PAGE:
The large deposits of Hematite are extracted from altered banded iron formations and rarely igneous accumulations.  It is typically found in places where there has been standing water or hot springs where it can precipitate out of the water and collect in layers at the bottom of lakes or other slow moving water features.  Small crystals can also occur due to the weathering process of soils.  It is possible for the mineral to occur without the appearance of water, too, usually as a result of volcanic activity.  Interestingly, our planet is not the only one where Hematite has been discovered and two very large deposits have been found at the Terra Meridiani and Aram Chaos on Mars. The discovery was followed up by a Mars Exploration Rover and was found to be in the form of small sperules which analysis showed were concretions formed from a water solution which is clearly a significant discovery that suggest water was present on Mars at one time.

Obviously as an ore of iron, Hematite is mostly used in the production of iron and then used in the steel industry.  There are other uses for the mineral, however, and Ochre is often made up of between 20% and 70% Hematite.  Ochre has been used for many thousands of years as a dye and pigment.  Indeed much of the old cave paintings use Ochre as colouration and mines have been found going back some 7,000 years.  The mineral can also be used as jewelry and was probably at the height of its popularity in Victorian era Europe but there has recently been a bit of a resurgence in use as jewelry in the United States.  It has even been thought to possess healing powers and some people use it in Feng Shui and it is also used as a paint pigment.

Australia Iron Ore Exports Q1 to Q3 2012


The largest Iron Ore exporter in the world continues to provide a greater tonnage year on year for the first 9 months of 2012.

1 CHINA 270.5 MT +18%
2 JAPAN 60.5 MT 0%
3 SOUTH KOREA 37.3 MT +2%
4 TAIWAN 9.6 MT -3%
TOTAL 379.1 MT +13%

We can see that this growth is mainly driven by increased exports to China and this is by far the largest destination for Australian ore.  Deliveries to the other large Asian steel producers are fairly stable and a reduction in shipments to Rotterdam is counteracted by some new destinations.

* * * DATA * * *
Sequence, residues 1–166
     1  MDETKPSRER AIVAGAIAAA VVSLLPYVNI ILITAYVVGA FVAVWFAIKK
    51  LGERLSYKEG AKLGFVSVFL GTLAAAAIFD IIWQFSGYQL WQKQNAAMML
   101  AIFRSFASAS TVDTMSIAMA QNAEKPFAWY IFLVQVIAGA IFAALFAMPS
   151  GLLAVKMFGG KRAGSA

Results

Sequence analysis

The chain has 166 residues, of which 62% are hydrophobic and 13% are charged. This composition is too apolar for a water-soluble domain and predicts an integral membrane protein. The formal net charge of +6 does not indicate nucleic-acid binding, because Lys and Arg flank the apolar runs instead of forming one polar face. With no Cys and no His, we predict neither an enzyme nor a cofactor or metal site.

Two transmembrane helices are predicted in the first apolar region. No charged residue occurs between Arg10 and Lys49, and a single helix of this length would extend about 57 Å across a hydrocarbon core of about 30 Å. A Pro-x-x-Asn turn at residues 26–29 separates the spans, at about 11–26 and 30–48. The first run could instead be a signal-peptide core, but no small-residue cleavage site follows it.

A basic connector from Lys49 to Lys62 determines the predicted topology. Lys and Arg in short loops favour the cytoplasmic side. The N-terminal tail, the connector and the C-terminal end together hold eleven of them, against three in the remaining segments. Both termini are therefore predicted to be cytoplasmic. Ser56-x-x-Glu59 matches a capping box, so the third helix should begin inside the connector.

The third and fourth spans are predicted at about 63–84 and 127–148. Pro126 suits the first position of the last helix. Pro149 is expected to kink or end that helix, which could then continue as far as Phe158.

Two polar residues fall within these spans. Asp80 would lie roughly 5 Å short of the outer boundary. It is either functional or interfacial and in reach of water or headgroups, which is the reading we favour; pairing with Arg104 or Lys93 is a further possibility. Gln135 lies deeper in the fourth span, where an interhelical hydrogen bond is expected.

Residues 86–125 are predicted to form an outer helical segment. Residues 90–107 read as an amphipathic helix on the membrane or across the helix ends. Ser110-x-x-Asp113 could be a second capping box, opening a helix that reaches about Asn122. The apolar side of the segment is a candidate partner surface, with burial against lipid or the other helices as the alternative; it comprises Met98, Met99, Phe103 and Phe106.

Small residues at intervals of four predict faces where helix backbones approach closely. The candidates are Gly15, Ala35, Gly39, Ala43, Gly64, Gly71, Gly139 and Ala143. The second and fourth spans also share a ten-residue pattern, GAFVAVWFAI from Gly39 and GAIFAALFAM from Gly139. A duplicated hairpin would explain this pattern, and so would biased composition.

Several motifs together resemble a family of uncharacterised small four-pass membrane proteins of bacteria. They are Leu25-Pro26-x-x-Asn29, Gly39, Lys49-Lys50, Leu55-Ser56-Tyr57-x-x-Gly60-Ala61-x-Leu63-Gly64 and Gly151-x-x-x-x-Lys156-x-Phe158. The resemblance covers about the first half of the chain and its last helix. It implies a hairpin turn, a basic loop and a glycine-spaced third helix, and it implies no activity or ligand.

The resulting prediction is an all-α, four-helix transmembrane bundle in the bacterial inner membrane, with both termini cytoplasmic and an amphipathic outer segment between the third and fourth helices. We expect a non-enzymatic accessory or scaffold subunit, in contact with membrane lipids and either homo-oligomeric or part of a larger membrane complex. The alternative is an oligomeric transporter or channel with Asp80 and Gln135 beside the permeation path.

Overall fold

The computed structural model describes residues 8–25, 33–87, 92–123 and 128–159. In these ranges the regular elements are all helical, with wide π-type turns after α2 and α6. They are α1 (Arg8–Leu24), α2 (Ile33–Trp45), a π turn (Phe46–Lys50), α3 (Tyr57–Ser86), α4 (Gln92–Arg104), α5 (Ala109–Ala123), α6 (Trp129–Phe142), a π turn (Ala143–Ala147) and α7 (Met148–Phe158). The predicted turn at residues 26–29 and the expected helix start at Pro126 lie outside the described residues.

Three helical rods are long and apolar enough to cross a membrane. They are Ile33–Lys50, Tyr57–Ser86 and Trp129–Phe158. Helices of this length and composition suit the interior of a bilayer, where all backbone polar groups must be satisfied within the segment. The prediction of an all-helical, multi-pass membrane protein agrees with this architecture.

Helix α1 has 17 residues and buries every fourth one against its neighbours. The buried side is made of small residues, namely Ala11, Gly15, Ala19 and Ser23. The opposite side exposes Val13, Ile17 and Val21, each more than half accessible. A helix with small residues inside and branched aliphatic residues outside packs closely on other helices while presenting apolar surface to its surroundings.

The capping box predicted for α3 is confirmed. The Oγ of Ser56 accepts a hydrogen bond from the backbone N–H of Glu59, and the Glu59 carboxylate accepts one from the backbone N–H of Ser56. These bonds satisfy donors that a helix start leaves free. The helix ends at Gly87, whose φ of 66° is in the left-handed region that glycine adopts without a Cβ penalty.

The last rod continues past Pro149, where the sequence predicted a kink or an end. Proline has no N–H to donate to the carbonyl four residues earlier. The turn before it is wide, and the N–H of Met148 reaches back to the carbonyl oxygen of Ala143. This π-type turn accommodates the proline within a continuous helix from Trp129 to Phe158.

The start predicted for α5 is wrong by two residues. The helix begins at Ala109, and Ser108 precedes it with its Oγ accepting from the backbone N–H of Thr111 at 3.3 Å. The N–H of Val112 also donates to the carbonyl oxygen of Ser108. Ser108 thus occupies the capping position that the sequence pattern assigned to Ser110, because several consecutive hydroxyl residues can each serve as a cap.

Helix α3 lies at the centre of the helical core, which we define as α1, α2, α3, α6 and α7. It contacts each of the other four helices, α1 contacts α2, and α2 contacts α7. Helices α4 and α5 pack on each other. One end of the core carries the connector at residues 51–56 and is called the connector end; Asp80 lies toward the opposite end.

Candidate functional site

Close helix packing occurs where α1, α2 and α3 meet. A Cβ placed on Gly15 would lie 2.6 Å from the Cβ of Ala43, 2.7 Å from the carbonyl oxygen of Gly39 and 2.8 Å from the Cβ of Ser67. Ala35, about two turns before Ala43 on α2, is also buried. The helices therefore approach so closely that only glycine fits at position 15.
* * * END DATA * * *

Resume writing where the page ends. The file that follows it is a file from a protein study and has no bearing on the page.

Brazil Exports of Iron Ore – Q1 2012

The first quarter of 2012 has seen quite a dip in the exports of Iron Ore from Brazil.  In total, 68.4MT were exported, which is 26.9% lower than in the last quarter of 2011.  The largest destinations were:

1 CHINA 35.9 MT -24.8%
2 JAPAN 6.1 MT -47.7%
3 SOUTH KOREA 2.9 MT -37.3%
4 NETHERLANDS 2.5 MT -37.2%
5 GERMANY 2.3 MT -36.3%
6 ITALY 1.9 MT -40.9%
7 PHILIPPINES 1.8 MT 75.7%
8 OMAN 1.7 MT -6.3%
9 TAIWAN 1.6 MT 7.3%
10 ARGENTINA 1.5 MT -24.1%

So, almost all markets have reduced, with only the Philippines and Taiwan up on last quarter. A lot of the tonnage to Oman is for the large DRI plant located there.

Chinese Imports of Iron Ore – Q1 2012

Chinese imports of iron ore for the first quarter of 2012 were 187 MT, which is a record high for the largest importer in the world and is 5% up from the last quarter.  The top 10 origin countries were:

1 AUSTRALIA 83.0 MT +1.1%
2 BRAZIL 41.6 MT +9.3%
3 INDIA 14.1 MT +21.6%
4 SOUTH AFRICA 10.2 MT +4.4%
5 CANADA 5.5 MT +42.9%
6 UKRAINE 4.0 MT +19.3%
7 INDONESIA 3.9 MT +20.7%
8 IRAN 3.9 MT +7.4%
9 RUSSIA 3.3 MT -10.1%
10 PERU 1.9 MT -21.1%

Those percentages are compared to the last quarter (Q4 2011), when compared the the start of 2011 the imports from India have fallen 47% with the slack taken up predominantly by imports from Australia.  Imports from Iran, Russia and Peru also fell when compared to the same quarter of 2011.

Iron Ore Prices & News – 17 Apr 2012

The latest recorded Chinese spot prices of iron ore are as follows:

  • Aus Pilbara Fines   $148/tonne
  • Yandi Fines  $135/tonne
  • Indian Fines   $151/tonne
  • Iron Ore benchmark  $149.30/tonne

These prices remain historically high, and the benchmark price is the highest since mid October.  There is a general weakening of the spot price, however due to concerns over the slowdown of the Chinese economy which is growing at its slowest rate in recent times.  There is also a sign that steel makers are looking to run down some of their stocks and that the current spot price is considered rather high.  There is currently 97.6MT of stockpiled iron ore at Chinese ports.

The price for Indian ore remains high because of the perceived risk of disruption from the impending monsoon season.  The level of exports to the biggest market from India has dropped in the first part of 2012, however.